Use speech services to help you perform  an in depth analysis of audio. For example, transcribe speech to text, then apply text analytics, process the transcribed audio using the Azure text analytics API, and perform sentiment analysis, perform key phrase extraction to help you identify the main topics being discussed in the audio. Automate the identification of sensitive information. Use this to flag potential data breaches. Implementing Azure speech services gives users different ways of interacting with data. Speech services can widen the footprint of your application, improve the accessibility of your product, and help you create innovative solutions. Next, let's take a look at the translator service.


About the Author

Jamie Maguire is a Software Architect, Developer, Microsoft MVP (AI), and lifelong tech enthusiast with over 20 years of professional experience.

Jamie is passionate about using AI technologies to help advance systems in a wide range of organizations.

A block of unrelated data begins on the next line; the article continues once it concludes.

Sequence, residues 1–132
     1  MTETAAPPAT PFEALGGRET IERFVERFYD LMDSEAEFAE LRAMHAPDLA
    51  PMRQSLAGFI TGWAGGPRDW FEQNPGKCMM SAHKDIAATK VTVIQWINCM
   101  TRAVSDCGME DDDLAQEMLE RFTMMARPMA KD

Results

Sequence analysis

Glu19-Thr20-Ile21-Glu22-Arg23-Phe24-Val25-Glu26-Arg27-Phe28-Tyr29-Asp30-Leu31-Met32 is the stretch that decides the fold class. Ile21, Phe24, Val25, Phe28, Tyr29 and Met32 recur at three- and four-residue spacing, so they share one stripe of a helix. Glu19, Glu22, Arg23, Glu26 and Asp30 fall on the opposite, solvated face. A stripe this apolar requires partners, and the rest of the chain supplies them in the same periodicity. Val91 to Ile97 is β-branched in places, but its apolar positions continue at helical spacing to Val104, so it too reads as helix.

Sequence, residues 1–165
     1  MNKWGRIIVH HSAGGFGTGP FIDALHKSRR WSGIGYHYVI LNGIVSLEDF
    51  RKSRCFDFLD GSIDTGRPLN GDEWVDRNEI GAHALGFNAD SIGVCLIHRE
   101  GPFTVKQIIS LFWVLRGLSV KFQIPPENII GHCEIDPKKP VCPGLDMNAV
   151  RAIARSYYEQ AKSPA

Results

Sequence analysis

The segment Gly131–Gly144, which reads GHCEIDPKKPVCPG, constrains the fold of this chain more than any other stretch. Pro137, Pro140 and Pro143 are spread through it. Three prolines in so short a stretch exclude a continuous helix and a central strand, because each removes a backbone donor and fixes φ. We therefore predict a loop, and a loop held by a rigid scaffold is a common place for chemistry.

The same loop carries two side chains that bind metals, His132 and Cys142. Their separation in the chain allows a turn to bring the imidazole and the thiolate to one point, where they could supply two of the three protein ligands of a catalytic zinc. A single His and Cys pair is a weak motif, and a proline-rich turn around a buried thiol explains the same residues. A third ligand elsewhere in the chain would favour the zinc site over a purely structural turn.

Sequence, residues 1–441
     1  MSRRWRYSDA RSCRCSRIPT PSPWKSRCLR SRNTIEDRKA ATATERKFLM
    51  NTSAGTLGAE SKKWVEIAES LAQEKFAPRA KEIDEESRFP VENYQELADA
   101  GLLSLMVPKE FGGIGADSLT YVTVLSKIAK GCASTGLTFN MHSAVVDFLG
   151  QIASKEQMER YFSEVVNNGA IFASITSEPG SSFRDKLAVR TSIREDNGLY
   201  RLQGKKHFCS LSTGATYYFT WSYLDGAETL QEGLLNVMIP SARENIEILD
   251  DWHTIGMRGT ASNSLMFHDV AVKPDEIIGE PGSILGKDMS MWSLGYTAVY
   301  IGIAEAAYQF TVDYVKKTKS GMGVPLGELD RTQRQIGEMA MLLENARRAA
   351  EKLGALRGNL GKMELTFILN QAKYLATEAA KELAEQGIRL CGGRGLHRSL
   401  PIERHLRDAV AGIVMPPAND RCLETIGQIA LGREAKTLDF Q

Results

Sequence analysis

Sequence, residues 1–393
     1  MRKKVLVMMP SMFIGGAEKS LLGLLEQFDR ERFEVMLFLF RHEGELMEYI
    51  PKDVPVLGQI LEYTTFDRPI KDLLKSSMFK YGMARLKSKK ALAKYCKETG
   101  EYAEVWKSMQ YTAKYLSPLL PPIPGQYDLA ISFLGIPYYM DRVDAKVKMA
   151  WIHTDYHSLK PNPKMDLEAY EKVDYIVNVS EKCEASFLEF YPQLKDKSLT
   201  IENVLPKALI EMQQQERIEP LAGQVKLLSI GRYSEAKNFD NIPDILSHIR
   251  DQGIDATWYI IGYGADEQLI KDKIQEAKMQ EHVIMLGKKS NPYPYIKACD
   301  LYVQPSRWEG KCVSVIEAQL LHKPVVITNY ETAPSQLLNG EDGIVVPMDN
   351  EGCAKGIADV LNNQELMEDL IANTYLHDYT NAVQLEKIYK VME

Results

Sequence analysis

He has collaborated on many projects including working with Twitter, National Geographic, and the University of Michigan. Jamie is a keen contributor to the technology community and has gained global recognition for articles he has written and software he has built. 

He is a STEM Ambassador and Code Club volunteer, inspiring interest at grassroots level. Jamie shares his story and expertise at speaking events, on social media, and through podcast interviews. 

He has co-authored a book with 16 fellow MVPs demonstrating how Microsoft AI can be used in the real world and regularly publishes material to encourage and promote the use of AI and .NET technologies.